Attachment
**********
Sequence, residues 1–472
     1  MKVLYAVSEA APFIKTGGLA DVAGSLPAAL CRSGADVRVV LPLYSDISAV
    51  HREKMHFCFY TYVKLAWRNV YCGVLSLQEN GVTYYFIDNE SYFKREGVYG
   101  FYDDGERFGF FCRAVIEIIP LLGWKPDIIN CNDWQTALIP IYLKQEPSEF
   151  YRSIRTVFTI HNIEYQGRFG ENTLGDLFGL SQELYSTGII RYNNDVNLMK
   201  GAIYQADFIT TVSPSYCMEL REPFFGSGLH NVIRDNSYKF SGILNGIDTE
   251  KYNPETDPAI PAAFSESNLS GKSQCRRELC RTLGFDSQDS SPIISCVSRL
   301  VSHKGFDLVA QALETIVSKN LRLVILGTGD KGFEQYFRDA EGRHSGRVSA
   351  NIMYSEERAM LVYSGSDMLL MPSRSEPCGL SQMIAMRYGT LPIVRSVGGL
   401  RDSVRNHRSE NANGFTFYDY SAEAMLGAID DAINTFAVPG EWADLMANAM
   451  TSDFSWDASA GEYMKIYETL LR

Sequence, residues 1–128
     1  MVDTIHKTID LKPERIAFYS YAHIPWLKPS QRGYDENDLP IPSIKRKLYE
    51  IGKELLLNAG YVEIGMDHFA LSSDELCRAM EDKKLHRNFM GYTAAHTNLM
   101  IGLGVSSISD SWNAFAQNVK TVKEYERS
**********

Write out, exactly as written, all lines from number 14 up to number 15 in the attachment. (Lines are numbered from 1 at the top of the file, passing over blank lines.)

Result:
    51  IGKELLLNAG YVEIGMDHFA LSSDELCRAM EDKKLHRNFM GYTAAHTNLM
   101  IGLGVSSISD SWNAFAQNVK TVKEYERS